Loading...


Asphalt Binder Modification

101 SERIES

 

Download

 

How to Modify Asphalt Binder with SBS

Achieving the most optimal polymer modified binder performance starts with the right ingredients. Therefore, the choice of SBS polymer and asphalt binder is critical. Next on the list is the right production process. The production process often begins in a laboratory, where the ingredients are combined for the first time and physical properties are evaluated. This part of the Kraton 101 Series covers how to make polymer modified asphalt (PMA) in the laboratory.

Required Equipment

Before we start the blending process, let’s review the required equipment.

High Shear Mill

Typically, SBS polymers are sold in a porous pellet form. This form ensures easily-handled, free-flowing material with a good density, ideal for storage and transportation. When incorporated into asphalt binder, however, the porous pellets are usually too large for a quick low shear dissolution. Sugar cubes and granules are a good analogy. It takes longer to dissolve sugar cubes in a cup of tea. To expedite the process, one may break up the cube. For that same reason, PMA production normally includes a high shear mill that cuts the pellets into small pieces, which are quickly incorporated into asphalt binder. In the lab, this process is simulated with a benchtop mill utilizing a rotor-stator cutting head.

Low Shear Blender

Once SBS pellets are cut into small pieces, the SBS and asphalt blend must be stirred. Low shear benchtop blenders with a motor-boat type propeller are an excellent laboratory-scale solution to simulate this process.

Temperature Control Equipment

Temperature is a critical ingredient for making PMA. To make high-quality blends consistently, we must control the blend temperature within a narrow range (+/- 2°C) over the blending period. To achieve such conditions in a laboratory, it is advisable to use a system that includes a:

  • heating mantle to provide a heat source to the blend;
  • temperature probe that constantly measures the blend temperature; and
  • control unit that measures the blend temperature and constantly adjusts the mantle heat output to maintain the target blend temperature.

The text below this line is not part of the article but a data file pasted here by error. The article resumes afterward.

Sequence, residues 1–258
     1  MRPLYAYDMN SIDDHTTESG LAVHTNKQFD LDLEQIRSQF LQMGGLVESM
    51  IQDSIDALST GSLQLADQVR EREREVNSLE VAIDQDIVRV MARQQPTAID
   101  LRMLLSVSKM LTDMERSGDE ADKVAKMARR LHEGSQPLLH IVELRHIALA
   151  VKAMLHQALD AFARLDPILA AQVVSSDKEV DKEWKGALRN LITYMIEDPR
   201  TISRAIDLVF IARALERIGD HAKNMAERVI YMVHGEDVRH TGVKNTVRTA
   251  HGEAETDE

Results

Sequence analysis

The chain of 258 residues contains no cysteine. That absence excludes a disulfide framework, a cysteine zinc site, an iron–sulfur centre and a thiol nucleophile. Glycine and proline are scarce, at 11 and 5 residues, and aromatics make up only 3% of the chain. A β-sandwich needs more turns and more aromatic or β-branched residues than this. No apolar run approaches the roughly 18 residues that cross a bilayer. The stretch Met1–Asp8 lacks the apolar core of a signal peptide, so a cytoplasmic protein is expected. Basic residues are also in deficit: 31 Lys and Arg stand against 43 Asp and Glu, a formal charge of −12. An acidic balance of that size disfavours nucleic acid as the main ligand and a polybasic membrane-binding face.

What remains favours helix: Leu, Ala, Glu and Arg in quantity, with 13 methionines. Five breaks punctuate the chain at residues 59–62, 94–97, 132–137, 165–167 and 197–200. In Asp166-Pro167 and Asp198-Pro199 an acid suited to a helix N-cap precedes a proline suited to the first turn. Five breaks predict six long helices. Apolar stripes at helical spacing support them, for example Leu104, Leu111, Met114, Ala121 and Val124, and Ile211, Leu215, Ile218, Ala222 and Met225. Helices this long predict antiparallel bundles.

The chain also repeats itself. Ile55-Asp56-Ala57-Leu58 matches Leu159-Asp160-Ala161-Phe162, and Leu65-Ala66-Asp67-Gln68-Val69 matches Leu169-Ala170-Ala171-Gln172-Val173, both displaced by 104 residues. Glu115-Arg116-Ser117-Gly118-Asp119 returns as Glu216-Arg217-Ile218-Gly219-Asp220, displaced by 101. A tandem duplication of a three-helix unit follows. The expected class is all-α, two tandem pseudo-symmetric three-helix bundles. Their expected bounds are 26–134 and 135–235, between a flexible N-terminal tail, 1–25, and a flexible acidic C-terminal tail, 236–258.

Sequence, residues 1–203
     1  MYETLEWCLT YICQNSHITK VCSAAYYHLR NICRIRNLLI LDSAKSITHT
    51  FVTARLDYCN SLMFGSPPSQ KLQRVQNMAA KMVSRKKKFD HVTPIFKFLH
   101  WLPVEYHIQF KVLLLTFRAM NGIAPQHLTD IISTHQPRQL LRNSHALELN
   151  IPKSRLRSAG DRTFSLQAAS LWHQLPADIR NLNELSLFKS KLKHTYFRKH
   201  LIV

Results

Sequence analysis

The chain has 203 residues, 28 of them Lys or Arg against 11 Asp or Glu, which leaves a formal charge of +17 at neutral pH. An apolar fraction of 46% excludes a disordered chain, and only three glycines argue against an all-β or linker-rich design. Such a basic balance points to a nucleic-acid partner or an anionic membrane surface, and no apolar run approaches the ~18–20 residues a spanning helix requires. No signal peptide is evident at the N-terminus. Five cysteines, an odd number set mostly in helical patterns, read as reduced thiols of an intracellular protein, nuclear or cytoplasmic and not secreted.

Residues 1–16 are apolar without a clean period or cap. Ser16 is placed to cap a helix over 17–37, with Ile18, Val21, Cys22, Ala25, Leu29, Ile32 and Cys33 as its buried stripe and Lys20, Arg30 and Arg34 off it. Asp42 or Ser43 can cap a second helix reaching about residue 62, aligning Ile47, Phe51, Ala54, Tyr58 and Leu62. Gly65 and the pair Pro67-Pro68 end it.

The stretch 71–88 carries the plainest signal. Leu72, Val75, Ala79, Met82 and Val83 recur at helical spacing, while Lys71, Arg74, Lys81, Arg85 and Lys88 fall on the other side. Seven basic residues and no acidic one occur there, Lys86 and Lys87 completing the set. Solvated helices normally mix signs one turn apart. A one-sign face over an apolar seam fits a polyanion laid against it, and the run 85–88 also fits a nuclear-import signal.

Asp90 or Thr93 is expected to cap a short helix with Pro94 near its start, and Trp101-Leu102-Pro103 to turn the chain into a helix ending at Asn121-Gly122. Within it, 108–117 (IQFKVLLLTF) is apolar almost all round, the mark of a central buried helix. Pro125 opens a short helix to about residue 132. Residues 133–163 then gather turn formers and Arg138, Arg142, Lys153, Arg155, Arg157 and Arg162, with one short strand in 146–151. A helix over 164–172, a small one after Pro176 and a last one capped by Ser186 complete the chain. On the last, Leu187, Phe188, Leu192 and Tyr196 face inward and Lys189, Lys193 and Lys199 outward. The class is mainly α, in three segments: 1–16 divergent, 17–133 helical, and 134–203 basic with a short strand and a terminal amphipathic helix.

Optional Inert Gas Source

During plant production, asphalt binder tanks are typically low in oxygen concentrations. This is not the case in laboratory conditions. The PMA is normally prepared in a metal can, where the blend surface is in contact with a constant supply of new oxygen. Oxygen is a gas that chemically reacts with asphalt to stiffen it. To better simulate the plant blending conditions - especially if the blend is prepared over a long period of time - an inert gas, such as nitrogen or argon, may be purged over the blend’s surface. This displaces oxygen to prevent the blend from excessive stiffening.

Ventilation System

Due to the asphalt binder, the PMA blending produces a smell that some may find unpleasant. To maintain odor-free working conditions, it is highly advised to contain the blending process to a fume hood, a canopy or to use an “elephant trunk” fume suction device. In addition, if crosslinkers are used in the blending process, the blend may emit an elevated level of hazardous hydrogen sulfide fumes. In that case, proper ventilation is even more critical.

Personal Protective Equipment

Hot asphalt is dangerous to handle without proper protection. Therefore, proper heat resistant clothing and PPE for the task must be worn. Hot gloves or tongs must be used to safely handle the materials.

Other Items

  • Metal cans to hold the blend
  • Hot oven to preheat the unmodified asphalt binder
  • Laboratory scale to weigh the ingredients
  • Metal spatulas
  • Tongue depressor
  • Paper


Blending Process

Once you have the required equipment and materials, follow the guidelines below to properly blend the asphalt for optimal performance.